The Sunday Guardian
Looking beyond the stars of India’s freedom struggle
Journalist and filmmaker Sagari Chhabra, who has recently won the Laadli Media Award for her book on the neglected figures of India’s freedom struggle, speaks to Anirudh Vohra.
being documented by film makes, journalists. So both film makers and journalists basically belong to the same genre. If you are not in the business of entertainment it’s the same thing. It’s the question of getting the word out.”
“I started researching for my documentary in 1997, since it was India’s 50th year of Independence. So I started researching what women freedom fighters had done. And I stumbled upon the fact that they were fantastically under-recorded. There were no substantive documents talking about what they had done. For example I met this one woman who told me that she was inside Lahore’s women’s jail and on 9August 1942 the cell mates had put charpai upon charpai and raised our national flag inside the jail. So I was able to track down the others who were with her at the time. Women like Savitri Ramakrishn, Sarla Sharma, Vijay Chauhan,” says Chhabra, while sitting on a couch in her living room in Delhi.
Her book, which recently won the Laadli Media Award, was published in 2015, several years after Chabbra’s travels. “After 20 years of work if one gets an award the way it helps is that it makes more and more people aware about your work. For the thing with working with the marginalized is that even your work gets marginalized. So the only benefit of highlight of getting an award is that more and more people know what you have done. It basically increases your audience which helps in spreading the awareness about the message that you are trying to give,” says Chhabra.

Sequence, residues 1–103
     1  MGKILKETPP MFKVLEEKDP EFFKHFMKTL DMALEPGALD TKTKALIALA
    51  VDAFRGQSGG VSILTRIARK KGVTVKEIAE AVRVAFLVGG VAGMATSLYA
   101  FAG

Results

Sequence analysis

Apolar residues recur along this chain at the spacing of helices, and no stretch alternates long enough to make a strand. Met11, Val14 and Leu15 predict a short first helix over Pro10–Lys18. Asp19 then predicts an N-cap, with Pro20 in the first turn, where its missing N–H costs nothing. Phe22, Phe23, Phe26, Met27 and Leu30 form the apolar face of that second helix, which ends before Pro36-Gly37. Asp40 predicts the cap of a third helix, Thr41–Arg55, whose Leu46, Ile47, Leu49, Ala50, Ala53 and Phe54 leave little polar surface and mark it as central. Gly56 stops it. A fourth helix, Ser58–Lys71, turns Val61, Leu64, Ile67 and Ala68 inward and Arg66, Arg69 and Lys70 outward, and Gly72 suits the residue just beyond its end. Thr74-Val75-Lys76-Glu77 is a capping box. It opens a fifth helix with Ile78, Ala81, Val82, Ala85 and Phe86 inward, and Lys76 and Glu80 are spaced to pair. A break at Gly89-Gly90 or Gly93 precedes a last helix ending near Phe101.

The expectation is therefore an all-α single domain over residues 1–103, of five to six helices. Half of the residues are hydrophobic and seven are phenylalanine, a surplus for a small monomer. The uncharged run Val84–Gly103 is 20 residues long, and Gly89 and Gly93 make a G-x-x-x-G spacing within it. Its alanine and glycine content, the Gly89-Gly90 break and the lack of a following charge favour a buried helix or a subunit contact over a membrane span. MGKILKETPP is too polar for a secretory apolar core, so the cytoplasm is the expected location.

In Search Of Freedom cannot be confined to a particular genre, since at times it reads like a travelogue, and at others like a more serious work of historical journalism.
The book is based upon interviews and meetings conducted by Chabbra during her time in Singapore, Thiland, Burma and Malaysia, glimpses of which can also be seen in her film Asli Azaadi, which was selected for the Golden Gate Film festival and the Norwegian Film Festival.
Sagari adds, “When I realised that these kinds of heroic stories had gone unrecorded, it seemed to me to be a moral duty to record them. For this is not only our history but the treasures of India. If nothing is done, there will be a time when people will completely forget about these things. So I made my film which was also telecast on Dordarshan. And after which these women started getting some recog- nition. One of them, Gouri Bhattacharya Sen was even awarded the Padmashree.”
Chhabra’s powerful narrative in the book manages to rescue several of the brave and sacrificing freedom fighters from the void of historical oblivion. The major revelations that the book makes are about the role played by Indian women in the overall freedom struggle, not just in the Gandhian movement, but also in the campaigns for Independence that raged in the eastern provinces of India along with the other eastern countries within Asia. Places that saw a significant participation of women.